Jean Quan Watch: Supporter’s vow to fight any recall attempt of Oakland Mayor

Supporters of Jean Quan representing East Oakland’s African-American religious community, Chinese-American business owners in Oakland, teacher’s union members and the Longshoremen’s Union are vowing to oppose “recall happy” efforts to throw Oakland’s controversial Mayor out of office.

Oakland Mayor Jean Quan sounds opening of footrace, photo courtesy Ella Baker Center, Flicker


Spokesmen J. Alfred Smith, Jr., pastor of the Allen Temple Baptist Church and Carl Chan of the Oakland Chinatown Chamber of Commerce, expressed support for Quan recently at a meeting to discuss their “vision for Oakland.”

Smith, at left, is a well-respected community leader and senior pastor in Oakland who holds both a Doctor of Ministry Degree from San Francisco Theological Seminary and a Ph.D. in African Studies, San Francisco State University.  He is a lecturer at San Francisco State University in African Studies as well.

Members of “Occupy Oakland” are upset with Quan and are threatening to organize a recall campaign against her.  Opponents of Quan have not yet filed any formal papers to initiate petition gathering to qualify any recall for the ballot.  News reports characterized the anti-recall meeting of Quan’s supporters as “remarkable” since no papers have been filed yet.

It is clear that the lines are being drawn in Oakland regarding Jean Quan.  It will be interesting to see if the broader business community and other interest and demographic groups see Oakland best-served by the opportunity to team up with Quan, or rather Occupy Oakland, on any recall campaign.



  1. I am not so sure how much support there is for opposing a recall at this point.

    “Supporters of Jean Quan representing East Oakland’s African-American religious community, Chinese-American business owners in Oakland, teacher’s union members and the Longshoremen’s Union”

    Are any of those ORGANIZATIONS willing to publicly oppose a recall? I do not know if they represent their communities as you have just defined them, or if that is just where they come from.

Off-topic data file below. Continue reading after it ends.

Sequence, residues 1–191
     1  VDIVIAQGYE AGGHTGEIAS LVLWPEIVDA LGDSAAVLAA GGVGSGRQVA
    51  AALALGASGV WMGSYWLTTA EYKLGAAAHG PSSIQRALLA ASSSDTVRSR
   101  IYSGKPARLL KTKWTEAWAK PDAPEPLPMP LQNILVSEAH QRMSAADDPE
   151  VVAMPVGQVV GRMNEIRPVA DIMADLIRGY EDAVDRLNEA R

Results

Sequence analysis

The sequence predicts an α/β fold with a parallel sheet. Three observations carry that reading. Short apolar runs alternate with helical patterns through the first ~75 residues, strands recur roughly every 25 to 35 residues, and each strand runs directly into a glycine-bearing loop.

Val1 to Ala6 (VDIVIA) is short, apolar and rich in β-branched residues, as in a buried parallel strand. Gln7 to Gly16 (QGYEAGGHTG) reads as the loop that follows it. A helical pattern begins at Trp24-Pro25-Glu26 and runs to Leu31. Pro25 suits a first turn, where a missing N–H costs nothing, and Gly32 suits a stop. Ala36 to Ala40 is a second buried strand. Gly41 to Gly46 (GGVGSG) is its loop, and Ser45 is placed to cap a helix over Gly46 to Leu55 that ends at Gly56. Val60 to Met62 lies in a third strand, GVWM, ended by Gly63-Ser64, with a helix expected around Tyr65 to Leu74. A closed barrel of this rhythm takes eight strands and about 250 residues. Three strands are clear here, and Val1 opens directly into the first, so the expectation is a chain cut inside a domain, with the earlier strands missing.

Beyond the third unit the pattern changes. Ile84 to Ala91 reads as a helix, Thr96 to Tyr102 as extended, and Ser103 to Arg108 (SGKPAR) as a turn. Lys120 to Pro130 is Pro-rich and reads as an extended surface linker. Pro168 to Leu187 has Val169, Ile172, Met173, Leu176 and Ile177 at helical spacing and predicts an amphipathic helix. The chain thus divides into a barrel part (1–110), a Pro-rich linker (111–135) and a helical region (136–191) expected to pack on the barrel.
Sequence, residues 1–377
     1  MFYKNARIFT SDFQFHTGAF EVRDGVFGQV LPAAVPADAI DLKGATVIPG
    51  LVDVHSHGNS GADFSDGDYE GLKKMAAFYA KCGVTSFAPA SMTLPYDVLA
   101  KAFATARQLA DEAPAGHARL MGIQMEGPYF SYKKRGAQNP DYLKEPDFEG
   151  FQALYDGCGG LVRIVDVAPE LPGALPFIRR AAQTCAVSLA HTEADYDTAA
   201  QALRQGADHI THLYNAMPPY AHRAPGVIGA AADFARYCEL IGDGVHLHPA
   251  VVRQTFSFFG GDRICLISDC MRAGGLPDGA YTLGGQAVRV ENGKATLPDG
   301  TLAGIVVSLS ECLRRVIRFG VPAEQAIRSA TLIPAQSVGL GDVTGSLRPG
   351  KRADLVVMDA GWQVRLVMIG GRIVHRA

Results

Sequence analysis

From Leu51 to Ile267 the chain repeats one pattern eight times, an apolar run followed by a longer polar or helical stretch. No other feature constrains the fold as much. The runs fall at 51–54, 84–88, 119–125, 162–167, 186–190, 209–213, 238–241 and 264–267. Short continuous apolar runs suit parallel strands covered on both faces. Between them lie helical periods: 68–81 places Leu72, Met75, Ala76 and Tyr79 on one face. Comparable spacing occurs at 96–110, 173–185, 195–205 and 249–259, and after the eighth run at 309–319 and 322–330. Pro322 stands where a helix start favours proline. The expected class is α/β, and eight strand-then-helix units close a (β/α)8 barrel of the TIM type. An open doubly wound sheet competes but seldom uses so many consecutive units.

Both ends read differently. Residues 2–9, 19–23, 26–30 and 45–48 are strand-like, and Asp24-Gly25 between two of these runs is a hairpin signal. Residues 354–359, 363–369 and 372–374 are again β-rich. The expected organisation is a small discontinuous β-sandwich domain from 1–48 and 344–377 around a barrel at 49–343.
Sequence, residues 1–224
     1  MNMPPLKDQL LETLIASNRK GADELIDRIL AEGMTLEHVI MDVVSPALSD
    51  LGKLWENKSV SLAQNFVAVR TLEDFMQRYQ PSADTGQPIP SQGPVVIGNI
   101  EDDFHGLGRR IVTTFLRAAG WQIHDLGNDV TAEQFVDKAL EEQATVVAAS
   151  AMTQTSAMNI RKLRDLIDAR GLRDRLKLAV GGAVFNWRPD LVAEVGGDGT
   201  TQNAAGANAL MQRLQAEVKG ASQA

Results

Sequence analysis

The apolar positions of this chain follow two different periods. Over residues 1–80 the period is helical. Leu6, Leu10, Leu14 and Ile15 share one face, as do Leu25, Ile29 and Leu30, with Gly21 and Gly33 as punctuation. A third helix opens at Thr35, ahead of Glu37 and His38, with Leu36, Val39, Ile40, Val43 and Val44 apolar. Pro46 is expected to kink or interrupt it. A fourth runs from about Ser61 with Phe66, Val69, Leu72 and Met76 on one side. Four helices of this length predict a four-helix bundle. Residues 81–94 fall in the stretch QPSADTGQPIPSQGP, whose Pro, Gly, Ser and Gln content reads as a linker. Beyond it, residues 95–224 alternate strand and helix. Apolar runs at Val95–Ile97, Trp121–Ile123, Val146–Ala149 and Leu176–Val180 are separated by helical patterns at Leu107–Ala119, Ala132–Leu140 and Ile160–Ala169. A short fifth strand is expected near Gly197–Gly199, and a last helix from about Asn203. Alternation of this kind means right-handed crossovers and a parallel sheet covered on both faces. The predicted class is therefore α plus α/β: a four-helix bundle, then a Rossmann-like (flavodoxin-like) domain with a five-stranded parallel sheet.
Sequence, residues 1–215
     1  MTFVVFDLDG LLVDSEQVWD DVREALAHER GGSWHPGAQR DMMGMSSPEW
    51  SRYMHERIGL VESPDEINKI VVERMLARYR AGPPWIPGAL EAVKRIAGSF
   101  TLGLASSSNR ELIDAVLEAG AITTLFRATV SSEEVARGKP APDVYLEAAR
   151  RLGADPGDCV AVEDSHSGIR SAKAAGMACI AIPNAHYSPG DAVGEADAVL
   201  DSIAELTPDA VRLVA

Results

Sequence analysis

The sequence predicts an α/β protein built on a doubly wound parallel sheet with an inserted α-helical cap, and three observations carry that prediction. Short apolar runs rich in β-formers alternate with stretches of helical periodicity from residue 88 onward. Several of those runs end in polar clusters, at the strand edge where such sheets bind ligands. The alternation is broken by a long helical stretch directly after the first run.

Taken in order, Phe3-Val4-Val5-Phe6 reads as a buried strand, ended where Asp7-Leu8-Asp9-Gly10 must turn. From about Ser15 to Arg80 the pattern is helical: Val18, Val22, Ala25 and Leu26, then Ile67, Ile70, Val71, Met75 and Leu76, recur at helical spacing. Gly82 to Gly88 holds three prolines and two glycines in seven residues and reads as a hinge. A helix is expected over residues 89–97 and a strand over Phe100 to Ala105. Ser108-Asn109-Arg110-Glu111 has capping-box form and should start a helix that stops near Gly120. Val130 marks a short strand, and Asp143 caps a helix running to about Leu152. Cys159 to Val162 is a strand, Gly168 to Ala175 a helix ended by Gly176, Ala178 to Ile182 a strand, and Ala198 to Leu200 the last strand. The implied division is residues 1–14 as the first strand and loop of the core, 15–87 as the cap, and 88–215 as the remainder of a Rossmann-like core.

A recall is not an impeachment. It is a lack of faith and trust.

    On the legal side there are some serious democracy issues. The exact rules of a recall in California are not very democratic and do not make a lot of constitutional sense. We will need only a majority to remove and even less to elect a replacement. The exact rules by which a replacement would be voted for are also not so democratic. If we go by State rules, and we may have to, then the candidate with the most votes would win, even if that was less than half. That would probably give us a new mayor who had less votes than the current one. If we use City rules, then we have an instant run off vote, which is better.

    On the on faith and trust issue there are more pressing questions. It seems that Ms Quan never had the support of the recall petitioners. Has she lost the support of her own supporters? Will Block by Block people continue to support her after the police crack downs against Occupy? Has she explained her “coordination” with a bunch of right wing mayors, including the billionaire mayor of NYC who have a sudden national interest in public sanitation? How will she explain her and Bloomberg reading from the same set of talking points?

    Taking a step back to the budget debate one wonders how much of her “progressive” support lost its enthusiasm with the proposal to close the libraries and the lack of leadership and new ideas in the whole process.

    We Greens are like the conservatives, we never were her supporters, with the difference that we are proposing changes to the charter to make it more democratic and make our elections less money driven. To recall the mayor is probably to blame the messenger. The message is that our city needs to reform its charter and budget process both.

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